Animal behavior results, at its core, from an interaction of hormones and the nervous system. But linking the two directly and assessing the influence of hormones on nerves has proved elusive in more complex animals. Leeches, though, have a nervous system more basic than a mosquito’s. And an injection of hirudotocin yields leech reproductive rotation within minutes, accompanied by a leechy mouthing of the potential reproductive partner. In the world of animal behavior research, this is exciting stuff.

Sliced leech anyone?

To track the effects of this hormone through the animal’s nervous system, researchers at Caltech and UCSD examined nervous response to hirudotocin in slices of leech. Then, they did the ultimate direct assessment, removing all of the leech except the nervous system. This approach allowed them to trace directly the activation of the nervous sytem that led to the corkscrewing muscle movements of leech reproductive behavior.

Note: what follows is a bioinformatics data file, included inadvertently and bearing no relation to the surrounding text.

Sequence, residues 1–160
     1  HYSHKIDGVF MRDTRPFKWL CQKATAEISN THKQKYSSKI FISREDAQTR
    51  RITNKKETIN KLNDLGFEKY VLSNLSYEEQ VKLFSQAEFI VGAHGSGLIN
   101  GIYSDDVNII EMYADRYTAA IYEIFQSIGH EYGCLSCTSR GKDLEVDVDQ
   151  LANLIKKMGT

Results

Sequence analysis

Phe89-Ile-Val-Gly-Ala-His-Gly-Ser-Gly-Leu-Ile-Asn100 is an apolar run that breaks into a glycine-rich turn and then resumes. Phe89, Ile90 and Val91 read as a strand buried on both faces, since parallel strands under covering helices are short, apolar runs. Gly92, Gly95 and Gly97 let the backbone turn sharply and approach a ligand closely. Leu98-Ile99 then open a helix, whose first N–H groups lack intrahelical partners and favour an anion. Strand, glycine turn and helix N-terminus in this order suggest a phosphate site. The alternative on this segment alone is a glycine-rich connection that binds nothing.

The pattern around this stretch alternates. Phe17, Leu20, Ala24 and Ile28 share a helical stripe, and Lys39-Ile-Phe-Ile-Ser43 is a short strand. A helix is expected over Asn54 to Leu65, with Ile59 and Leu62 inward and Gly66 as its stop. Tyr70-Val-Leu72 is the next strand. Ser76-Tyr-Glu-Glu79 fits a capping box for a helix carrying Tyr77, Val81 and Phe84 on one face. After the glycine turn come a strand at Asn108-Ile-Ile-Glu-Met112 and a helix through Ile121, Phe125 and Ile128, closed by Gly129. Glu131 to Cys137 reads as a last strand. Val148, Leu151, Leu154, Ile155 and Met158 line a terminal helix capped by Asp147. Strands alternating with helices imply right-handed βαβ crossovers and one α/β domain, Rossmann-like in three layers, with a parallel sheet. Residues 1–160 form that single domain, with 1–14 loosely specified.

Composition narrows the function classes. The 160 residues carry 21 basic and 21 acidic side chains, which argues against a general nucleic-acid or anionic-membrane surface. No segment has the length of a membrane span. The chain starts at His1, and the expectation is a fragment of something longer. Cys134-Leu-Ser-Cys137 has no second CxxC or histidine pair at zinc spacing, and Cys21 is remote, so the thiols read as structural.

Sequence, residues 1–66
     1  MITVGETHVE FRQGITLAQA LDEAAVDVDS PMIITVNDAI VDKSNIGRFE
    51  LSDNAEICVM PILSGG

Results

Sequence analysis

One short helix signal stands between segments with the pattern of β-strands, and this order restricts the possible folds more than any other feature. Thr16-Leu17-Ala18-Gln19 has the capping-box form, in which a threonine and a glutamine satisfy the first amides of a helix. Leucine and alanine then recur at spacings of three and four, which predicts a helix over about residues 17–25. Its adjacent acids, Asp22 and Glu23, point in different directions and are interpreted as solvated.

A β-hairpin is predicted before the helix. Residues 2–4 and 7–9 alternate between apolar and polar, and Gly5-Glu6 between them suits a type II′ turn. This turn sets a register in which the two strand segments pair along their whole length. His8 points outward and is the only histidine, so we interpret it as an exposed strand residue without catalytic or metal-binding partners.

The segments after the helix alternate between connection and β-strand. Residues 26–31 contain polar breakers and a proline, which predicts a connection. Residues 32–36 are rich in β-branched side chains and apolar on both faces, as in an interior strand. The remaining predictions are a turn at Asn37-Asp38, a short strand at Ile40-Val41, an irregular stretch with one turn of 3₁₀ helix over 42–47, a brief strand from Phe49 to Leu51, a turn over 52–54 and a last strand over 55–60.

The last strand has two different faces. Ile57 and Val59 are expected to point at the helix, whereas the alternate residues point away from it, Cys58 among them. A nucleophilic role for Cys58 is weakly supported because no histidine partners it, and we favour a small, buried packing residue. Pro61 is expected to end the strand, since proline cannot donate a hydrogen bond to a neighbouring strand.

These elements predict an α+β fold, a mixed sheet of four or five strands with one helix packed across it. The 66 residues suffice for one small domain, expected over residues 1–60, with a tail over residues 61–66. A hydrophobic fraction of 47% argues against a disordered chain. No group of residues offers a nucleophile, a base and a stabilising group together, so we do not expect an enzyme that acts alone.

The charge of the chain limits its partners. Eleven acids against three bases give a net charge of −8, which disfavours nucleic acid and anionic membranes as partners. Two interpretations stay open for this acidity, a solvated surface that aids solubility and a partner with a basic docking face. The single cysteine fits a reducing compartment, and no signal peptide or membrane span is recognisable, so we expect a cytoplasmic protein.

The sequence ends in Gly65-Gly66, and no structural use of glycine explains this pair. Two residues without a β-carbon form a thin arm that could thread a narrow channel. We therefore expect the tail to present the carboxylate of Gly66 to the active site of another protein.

Their next step will be to use voltage-sensitive dyes to detect electrical nerve signals along these paths to see which ones are involved in maintaining the behavior. They may not be drawing out bad humors any more, but leeches are certainly doing their part in helping us tease out the links between hormones and behavior.

For your consideration

Why is it so difficult to link a hormone and a behavior, especially in vertebrates?

This article says that animal behavior is a manifestation of the interaction of hormones and the nervous system. Can you think of some other examples of this interaction?

Animals are not the only organisms that use hormones. Plants do, too, but they lack a nervous system. Identify some plant hormones and determine what plant systems they influence.

%d bloggers like this: